Many healthcare chief information security officers (CISOs) have found that effectively assessing the security posture up and down the supply chain is expensive given the complexity of the risks posed by privacy and security concerns, as well as an everchanging regulatory landscape. Currently, the process of managing third-party risk is often inefficient and time-consuming, for both vendors and providers, while still leaving organizations vulnerable to security threats.

During a recent webinar, sponsored by HITRUST, focused on healthcare cybersecurity and managing third party risk, John Houston, vice president, privacy and information security at the 40-hospital UPMC health system in Pittsburgh, outlined a number of factors that have made third-party risk management increasingly challenging and complex.

“There has been a fundamental change in IT, and a rapid move to the cloud. At the same time, we all see an increasingly complex cyber threat landscape where the threats are more sophisticated, and the technology solutions are more sophisticated as our business requirements are changing. It’s an increasingly complex landscape,” Houston said.


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He further noted, “As a result, there is a lot of confusion about how we best ensure our information is secure and available, and what is reasonable in terms of trying to achieve that. And finally, we are all worried about risk, and the biggest risk is patient safety. We worry about the cost of litigation and penalties, but first and foremost, we need to think about ensuring that we are able to deliver the best care to our patients.”

The stakes are changing, Houston noted, as federal regulators are investigating and penalizing organizations for failure to monitor third parties’ security practices, and hackers are increasingly targeting medical devices, he said.

“From a CISO perspective, we need to ensure that we are applying proper oversight over all of this. We can’t assume third parties are doing the right thing,” he said.

What’s more, healthcare organizations are increasingly reliant on cloud technology. A year ago, Nuance Communications, a provider of voice and language tools, was knocked offline when the company was hit with the Petya ransomware virus.

“I was around during Y2K, and about 95 percent of all our applications at UPMC, we ran within the data center, on premise. About 95 percent of newly acquired applications were run on on-premise, there was little on the cloud. In that environment, it falls upon the entity to secure data within its possession,” he said.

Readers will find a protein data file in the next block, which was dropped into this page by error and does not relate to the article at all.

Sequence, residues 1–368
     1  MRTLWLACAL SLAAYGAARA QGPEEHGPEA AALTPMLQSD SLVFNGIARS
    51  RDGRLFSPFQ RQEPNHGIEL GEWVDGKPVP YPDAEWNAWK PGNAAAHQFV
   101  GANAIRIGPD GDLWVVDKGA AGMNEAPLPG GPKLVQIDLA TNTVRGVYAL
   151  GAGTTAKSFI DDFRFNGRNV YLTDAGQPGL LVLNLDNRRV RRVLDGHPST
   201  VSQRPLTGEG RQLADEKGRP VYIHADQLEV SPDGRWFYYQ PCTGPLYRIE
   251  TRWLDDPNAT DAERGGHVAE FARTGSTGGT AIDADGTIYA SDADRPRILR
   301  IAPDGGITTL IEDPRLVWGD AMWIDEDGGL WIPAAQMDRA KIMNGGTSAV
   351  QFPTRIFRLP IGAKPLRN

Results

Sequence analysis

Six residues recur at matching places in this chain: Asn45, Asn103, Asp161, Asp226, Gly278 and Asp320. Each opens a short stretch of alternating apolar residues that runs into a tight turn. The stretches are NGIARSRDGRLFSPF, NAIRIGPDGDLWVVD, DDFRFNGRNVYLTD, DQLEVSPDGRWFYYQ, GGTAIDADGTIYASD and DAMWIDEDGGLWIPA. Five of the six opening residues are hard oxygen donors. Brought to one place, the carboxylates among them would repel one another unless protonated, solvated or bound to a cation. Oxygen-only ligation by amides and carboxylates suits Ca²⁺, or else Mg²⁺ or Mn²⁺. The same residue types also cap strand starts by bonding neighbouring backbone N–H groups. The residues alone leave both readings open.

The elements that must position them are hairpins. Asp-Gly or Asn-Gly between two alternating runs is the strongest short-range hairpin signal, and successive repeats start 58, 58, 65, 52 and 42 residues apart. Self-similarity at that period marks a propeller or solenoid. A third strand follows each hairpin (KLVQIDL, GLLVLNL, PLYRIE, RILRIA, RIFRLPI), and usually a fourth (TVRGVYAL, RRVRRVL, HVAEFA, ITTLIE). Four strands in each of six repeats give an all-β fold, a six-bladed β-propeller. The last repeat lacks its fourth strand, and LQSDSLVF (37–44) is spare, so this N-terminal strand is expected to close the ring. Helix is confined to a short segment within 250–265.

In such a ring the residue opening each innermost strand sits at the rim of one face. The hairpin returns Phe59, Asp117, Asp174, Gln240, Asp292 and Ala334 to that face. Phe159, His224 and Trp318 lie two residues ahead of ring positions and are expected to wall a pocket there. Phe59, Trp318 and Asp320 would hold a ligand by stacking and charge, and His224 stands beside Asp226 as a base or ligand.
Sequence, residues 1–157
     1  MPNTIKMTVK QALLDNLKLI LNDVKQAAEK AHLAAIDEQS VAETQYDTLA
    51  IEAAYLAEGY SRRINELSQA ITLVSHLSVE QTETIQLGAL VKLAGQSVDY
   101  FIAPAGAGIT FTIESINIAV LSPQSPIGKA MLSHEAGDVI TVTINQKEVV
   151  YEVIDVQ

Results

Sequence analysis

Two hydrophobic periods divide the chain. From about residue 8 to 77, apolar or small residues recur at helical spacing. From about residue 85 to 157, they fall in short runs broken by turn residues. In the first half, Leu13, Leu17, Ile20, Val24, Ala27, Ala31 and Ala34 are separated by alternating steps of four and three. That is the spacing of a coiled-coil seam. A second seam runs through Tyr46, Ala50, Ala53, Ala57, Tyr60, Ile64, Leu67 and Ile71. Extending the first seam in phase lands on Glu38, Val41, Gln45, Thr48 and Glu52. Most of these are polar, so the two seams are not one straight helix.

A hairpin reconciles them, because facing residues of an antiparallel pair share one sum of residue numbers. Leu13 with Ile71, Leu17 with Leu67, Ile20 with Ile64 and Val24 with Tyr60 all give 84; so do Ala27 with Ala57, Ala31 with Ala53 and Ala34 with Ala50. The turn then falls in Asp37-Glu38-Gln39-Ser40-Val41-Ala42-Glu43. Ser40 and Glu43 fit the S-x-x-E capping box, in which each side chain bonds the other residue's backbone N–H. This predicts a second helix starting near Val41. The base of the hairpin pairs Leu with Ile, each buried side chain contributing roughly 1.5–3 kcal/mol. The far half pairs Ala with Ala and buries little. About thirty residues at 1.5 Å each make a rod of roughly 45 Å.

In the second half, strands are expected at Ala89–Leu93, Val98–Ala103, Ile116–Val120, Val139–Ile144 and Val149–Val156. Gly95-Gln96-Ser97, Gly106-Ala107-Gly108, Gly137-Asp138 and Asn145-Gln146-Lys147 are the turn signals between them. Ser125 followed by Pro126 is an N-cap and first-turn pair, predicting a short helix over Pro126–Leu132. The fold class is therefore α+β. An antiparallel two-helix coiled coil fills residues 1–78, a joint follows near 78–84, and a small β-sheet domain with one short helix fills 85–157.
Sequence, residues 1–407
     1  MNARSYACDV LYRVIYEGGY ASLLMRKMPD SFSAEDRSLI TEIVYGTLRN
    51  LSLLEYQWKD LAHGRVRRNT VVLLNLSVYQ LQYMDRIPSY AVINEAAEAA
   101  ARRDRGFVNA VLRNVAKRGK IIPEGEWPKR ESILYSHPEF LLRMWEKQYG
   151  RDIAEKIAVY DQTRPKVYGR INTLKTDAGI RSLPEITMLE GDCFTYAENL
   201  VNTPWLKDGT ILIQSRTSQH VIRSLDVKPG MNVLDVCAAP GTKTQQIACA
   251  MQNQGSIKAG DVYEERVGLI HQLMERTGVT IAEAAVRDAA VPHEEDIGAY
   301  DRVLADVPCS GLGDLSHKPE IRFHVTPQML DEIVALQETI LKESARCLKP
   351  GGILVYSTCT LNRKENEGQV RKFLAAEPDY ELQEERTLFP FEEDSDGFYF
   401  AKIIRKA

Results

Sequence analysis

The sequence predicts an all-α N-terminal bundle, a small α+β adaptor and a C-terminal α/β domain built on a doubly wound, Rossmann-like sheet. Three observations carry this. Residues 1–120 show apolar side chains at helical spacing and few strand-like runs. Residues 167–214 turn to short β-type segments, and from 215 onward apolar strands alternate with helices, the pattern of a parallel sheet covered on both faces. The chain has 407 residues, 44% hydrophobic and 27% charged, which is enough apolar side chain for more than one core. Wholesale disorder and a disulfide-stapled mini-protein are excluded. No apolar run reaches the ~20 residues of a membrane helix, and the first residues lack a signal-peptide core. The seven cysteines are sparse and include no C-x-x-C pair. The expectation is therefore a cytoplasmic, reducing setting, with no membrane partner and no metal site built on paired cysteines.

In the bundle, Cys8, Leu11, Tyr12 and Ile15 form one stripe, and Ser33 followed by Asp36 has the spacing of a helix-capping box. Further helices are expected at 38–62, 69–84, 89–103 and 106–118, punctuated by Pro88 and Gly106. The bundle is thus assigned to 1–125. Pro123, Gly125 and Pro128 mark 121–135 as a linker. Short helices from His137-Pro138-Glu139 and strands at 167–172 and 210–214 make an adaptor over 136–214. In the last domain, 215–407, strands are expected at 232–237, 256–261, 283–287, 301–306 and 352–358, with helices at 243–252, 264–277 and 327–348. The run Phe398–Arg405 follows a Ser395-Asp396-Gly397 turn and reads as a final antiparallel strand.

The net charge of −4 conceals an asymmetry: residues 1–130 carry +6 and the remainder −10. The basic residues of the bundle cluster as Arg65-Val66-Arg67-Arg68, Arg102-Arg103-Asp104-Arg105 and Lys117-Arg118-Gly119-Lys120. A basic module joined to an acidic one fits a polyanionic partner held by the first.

Contrast that with today’s environment, as Houston noted that “very little of what we acquire today runs on-premise. In some way, shape or form, at least one copy of the data is in the cloud.”

Studies have estimated that by 2023 no more than 25 percent of applications will be run on-premise in an organization’s data center, with about 75 percent run in the cloud, Houston said. “Many copies of our data end up in the cloud, and it’s not just one cloud provider. We get services from a lot of different vendors, all of which are in the cloud. That speaks to the fact we, as CISOs, can no longer directly secure our own information. We are dependent upon third parties to secure our data for us. We can’t simply trust that they are going to adequately secure that information.”

From a healthcare CISO’s perspective, a vendor’s IT and data security practices should be at least as effective as the provider’s security posture, Houston said. “I should expect nothing less. As soon as I expect less, that’s a sign of defeat.”

Across the healthcare industry, ineffective security, compliance and assurance methods drive cost and confusion within organizations and across third parties, according to IT leaders.

While most healthcare organizations are taking the right steps to monitor and screen vendors and their products and services during the pre-selection and on-boarding phases and are also conducting security risk assessments, it’s still not enough to protect IT systems, data, and, most importantly, patients, said Taylor Lehmann, CISO at Wellforce, the Burlington, Mass.-based health system that includes Tufts Medical Center and Floating Hospital for Children. “We are still seeing breaches, and the breaches are still coming after we do all this screening,” he said.

“We’re not being effective and it’s difficult to be effective with the current paradigm,” Houston added.

From the CISO’s perspective, there are inefficiencies in the third-party supply chain ecosystem. Suppliers are commonly required by their customers to respond to unique questionnaires or other assessment requests relating to their risk management posture. Vendors often must fill out questionnaires with 300-plus questions. What’s more, there’s no assurance or audit of the information the vendor provides, and the process is completely inefficient for suppliers who are audited 100 times annually on the same topics, but just different questions, Lehmann and Houston noted. What's more, the security assessment often occurs too late in the process.

“We’re creating a lot of waste; we’re taking time away from our organizations and we’re taking time away from suppliers,” Lehmann said. “The current way we’re doing supply chain risk management, it doesn’t work, and it doesn’t scale, and there is an opportunity to improve.”